Background and Purpose: The lateral spinal artery (LSA) perfuses the dorsolateral part of the spinal cord at the craniocervical junction (CCJ). We analyzed the angioarchitecture of the normal LSA and CCJ arteriovenous fistula (AVF). Methods: The first study included 26 patients with a cerebral aneurysm of the posterior circulation. Using slab maximum intensity projection (MIP) images from three-dimensional rotational angiography (3D-RA) and contrast-enhanced cone-beam CT (CE-CBCT), we analyzed the origin of the LSA, its anastomosis with the posterior inferior cerebellar artery (PICA), the point where it reaches the spinal cord, and the visualized range. In the second study, we analyzed the angioarchitecture and treatment results of 7 CCJAVF lesions treated in our department between 2016 and 2021. Results: We visualized the normal LSA for all patients. In 23 patients with an intradural origin PICA, all LSAs originated from the C1 or C2 radicular artery, and 8 patients had an anastomosis with the PICA. In three patients with a C1 level origin PICA, all LSAs originated from the PICA. All LSAs reached the dorsolateral part of the spinal cord. The mean visualized range of the LSA was 27.4 mm. The LSA was involved in five of seven CCJAVF lesions (71%). There was one lesion with a spinal infarction after LSA embolization. Other lesions were treated by direct interruption of the AVF, and the ASA and LSA were preserved. Conclusion: This is the first report that visualized the LSA’s normal anatomy using slab MIP images from 3D-RA and CE-CBCT. Knowledge of LSA anatomy is critical to avoid complications during the treatment of CCJAVF.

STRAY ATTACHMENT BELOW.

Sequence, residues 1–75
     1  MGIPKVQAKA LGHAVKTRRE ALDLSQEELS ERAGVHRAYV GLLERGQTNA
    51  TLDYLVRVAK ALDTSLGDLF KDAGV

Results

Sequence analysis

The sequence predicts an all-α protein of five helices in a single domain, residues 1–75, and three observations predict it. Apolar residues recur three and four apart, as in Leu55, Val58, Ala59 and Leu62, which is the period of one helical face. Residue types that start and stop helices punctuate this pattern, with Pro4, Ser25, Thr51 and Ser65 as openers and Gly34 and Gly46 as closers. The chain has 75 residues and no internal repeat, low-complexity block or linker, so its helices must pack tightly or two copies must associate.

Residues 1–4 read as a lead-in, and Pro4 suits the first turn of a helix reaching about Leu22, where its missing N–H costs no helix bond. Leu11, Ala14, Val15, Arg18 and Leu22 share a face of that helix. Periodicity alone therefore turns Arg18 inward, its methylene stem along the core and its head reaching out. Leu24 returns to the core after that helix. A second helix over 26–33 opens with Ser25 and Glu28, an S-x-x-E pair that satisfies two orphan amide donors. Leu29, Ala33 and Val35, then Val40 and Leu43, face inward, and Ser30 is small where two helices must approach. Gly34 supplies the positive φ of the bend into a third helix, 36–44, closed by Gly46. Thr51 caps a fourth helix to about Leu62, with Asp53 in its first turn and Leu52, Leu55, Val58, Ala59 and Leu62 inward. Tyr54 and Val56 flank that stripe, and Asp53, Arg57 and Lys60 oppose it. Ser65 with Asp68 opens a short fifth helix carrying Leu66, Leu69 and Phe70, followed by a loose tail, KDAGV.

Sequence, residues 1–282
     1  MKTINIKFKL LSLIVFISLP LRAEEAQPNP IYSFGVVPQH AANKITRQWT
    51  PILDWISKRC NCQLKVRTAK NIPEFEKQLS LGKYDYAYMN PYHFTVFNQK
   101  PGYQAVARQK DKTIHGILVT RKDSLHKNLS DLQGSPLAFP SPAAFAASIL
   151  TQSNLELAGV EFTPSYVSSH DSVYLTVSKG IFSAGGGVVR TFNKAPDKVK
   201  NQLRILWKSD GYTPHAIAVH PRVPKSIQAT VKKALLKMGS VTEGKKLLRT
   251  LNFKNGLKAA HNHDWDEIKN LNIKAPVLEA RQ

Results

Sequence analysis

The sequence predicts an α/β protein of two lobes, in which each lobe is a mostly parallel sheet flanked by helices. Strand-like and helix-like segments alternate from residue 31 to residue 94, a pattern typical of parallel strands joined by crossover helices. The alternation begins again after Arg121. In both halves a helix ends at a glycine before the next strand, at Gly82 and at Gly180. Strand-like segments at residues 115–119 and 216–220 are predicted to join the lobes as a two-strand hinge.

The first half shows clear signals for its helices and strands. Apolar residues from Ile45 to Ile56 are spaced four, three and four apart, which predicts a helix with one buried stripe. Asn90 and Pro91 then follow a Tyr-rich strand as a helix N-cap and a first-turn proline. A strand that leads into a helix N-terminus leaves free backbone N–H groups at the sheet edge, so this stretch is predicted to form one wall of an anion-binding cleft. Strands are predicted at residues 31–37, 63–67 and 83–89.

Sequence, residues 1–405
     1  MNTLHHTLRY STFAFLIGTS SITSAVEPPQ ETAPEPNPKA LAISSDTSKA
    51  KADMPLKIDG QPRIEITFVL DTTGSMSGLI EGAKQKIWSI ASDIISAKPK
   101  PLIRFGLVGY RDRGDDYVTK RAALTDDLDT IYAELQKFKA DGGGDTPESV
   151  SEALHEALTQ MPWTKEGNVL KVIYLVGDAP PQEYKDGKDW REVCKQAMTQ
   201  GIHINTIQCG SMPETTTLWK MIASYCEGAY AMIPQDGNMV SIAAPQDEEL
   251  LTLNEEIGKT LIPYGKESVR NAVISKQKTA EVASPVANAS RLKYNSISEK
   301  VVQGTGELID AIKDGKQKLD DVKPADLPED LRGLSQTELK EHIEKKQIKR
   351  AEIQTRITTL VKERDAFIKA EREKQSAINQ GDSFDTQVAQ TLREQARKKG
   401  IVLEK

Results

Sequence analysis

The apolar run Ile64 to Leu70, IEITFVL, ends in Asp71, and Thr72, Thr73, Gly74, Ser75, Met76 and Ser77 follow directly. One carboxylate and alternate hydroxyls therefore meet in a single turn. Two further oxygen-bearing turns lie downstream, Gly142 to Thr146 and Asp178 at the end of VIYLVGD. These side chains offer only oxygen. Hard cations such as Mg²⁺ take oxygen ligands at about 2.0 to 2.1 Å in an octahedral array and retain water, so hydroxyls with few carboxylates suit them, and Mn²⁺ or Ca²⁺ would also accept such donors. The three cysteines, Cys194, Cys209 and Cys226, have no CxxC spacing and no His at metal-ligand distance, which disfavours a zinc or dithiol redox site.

- Posterior inferior cerebellar artery
- Slab maximum intensity projection
- Spinal cord
- Three-dimensional rotational angiography
ASJC Scopus subject areas
- Radiology Nuclear Medicine and imaging
- Clinical Neurology